February 1972 - 'Doin' It,' 1st KCET Program on African American Community, Debuts
In February 1972, KCET premiered "Doin' It," its first public affairs series on L.A.'s African American community.
Just seven years after the Watts Riots, and hot on the heels of the success of the Chicano public affairs show, "Ahora!" some at the station felt there was a need to serve and give voice to Southern California's black community.
Created and hosted by producer Sue Booker, who had previously produced the award-winning documentaries, "Soledad" and "Cleophus Adair" for KCET, "Doin' It" was a nine-part, half-hour program which was designed "to provide our Los Angeles brothers and sisters with a vehicle for expressing all of our various means of 'doin' it,'" as she was quoted in an interview with the Los Angeles Sentinel.
"There is drama to express reality; dance to express the history and strength, beauty, and victory of a people; and prose and poetry to express our efforts to overcome the racism in society," Booker explained to the newspaper in March 1972.
The premiere episode of "Doin' It" focused on the issues of black inmates in America's prisons and how they were being transformed into political revolutionaries. Other episodes featured performances and discourses into African American art forms, such as dance, jazz music, and poetry. The program was also shown nationwide on various PBS stations.
On November 1st of that year, the program was updated as "Doin' It at The Storefront," a weekly, half-hour program which broadcasted out of a KCET satellite studio and media center known as "The Storefront," in an actual rented storefront on 4211 South Broadway in South Central L.A. The show depicted the various issues and perspectives of L.A.'s black community featuring interviews with local and national figures. With a shoestring budget of $250 per episode and a staff of three, the series was an experiment in the use of public space -- the storefront -- as a form of public engagement.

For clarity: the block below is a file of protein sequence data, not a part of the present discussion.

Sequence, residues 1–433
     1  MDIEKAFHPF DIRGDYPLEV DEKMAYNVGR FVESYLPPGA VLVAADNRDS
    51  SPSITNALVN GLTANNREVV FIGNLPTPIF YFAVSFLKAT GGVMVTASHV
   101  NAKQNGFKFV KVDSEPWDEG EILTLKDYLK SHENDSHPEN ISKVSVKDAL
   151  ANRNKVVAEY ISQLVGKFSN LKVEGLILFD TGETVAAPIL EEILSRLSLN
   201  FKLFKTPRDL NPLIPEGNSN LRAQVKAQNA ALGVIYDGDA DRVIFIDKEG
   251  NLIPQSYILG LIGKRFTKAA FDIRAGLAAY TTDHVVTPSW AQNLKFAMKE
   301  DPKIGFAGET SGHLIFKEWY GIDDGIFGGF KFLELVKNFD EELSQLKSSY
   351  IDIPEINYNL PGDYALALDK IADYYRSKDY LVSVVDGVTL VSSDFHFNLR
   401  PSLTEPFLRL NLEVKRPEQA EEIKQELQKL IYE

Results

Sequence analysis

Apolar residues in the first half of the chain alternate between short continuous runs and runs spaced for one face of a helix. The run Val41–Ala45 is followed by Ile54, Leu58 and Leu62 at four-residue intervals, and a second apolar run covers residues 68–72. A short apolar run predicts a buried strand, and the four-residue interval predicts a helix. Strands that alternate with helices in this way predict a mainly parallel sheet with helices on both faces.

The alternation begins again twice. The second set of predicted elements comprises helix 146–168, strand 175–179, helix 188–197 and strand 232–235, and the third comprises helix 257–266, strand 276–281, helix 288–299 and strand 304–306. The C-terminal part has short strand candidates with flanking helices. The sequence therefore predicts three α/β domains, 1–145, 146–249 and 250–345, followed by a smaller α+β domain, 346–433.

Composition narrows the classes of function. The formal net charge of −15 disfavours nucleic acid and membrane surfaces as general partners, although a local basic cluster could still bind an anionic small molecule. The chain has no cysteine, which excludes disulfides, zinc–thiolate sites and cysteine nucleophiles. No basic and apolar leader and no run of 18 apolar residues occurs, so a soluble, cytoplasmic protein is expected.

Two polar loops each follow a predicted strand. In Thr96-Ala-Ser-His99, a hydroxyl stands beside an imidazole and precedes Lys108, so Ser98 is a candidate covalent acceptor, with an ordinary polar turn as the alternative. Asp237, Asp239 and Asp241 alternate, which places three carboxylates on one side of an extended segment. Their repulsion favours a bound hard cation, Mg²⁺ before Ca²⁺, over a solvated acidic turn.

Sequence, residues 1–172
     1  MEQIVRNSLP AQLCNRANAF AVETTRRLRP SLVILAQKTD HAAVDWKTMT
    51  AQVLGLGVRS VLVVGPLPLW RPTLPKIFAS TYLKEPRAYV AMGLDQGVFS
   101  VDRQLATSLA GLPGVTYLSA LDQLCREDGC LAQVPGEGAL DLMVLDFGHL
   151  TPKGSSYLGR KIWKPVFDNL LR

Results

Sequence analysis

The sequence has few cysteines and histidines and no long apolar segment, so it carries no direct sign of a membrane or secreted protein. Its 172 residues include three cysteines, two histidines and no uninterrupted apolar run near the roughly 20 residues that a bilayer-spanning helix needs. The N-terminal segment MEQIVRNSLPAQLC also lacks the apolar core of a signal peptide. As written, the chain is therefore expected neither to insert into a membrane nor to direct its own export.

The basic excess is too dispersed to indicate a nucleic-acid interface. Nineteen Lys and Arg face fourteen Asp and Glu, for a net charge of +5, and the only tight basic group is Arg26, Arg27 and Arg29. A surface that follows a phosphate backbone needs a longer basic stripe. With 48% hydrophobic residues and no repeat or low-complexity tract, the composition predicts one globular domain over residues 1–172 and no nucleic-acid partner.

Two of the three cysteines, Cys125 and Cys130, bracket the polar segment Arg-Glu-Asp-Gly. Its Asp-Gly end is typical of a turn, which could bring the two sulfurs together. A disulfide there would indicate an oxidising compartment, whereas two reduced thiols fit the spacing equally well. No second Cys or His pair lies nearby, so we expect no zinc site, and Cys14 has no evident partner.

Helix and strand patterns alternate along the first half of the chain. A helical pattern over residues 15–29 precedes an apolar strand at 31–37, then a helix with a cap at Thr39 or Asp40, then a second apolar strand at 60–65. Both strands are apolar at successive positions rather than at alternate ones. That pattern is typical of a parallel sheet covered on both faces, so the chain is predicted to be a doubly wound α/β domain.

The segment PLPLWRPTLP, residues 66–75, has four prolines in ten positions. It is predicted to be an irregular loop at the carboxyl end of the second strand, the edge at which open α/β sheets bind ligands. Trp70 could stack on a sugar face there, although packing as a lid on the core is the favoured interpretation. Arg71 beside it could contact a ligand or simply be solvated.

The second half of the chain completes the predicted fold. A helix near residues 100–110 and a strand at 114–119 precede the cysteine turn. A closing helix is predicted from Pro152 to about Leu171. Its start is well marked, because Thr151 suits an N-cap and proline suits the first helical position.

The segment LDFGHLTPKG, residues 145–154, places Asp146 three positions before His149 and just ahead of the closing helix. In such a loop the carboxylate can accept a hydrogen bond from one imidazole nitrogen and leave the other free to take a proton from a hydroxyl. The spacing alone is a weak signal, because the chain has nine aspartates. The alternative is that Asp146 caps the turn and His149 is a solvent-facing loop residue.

"The Storefront" space served as a resource locale for community members needing information on the media, and as a meeting space for workshops, and other events coordinated in conjunction with organizations in the local African American community. Programs featured a forum on reading deficiencies among black youth, an exploration of the public education system, rent strikes at public housing projects, a look at churches in the black community, and a profile on a local black-owned business that made positive role-model toy dolls designed for African American girls.
"You never knew from week to week what you would see on the storefront -- news, public affairs, arts, because we wanted to be in touch with [whatever was] 'in the moment!' said Booker, who now goes by the name Thandeka, in a recent interview with KCET. "We interested politicians, celebrities, the man on the street; We wanted to get sense of what was happening behind the scenes that allowed South Central Los Angeles [to be] more than suffering, to have a sense of its communities [which were] struggling and winning victory after victory."
Towards the end of its run, Lois Hale took over as the show's host. "Doin' It at The Storefront" lasted only 10 episodes, but was instrumental in helping to establish KCET's programming to cover underserved communities of color.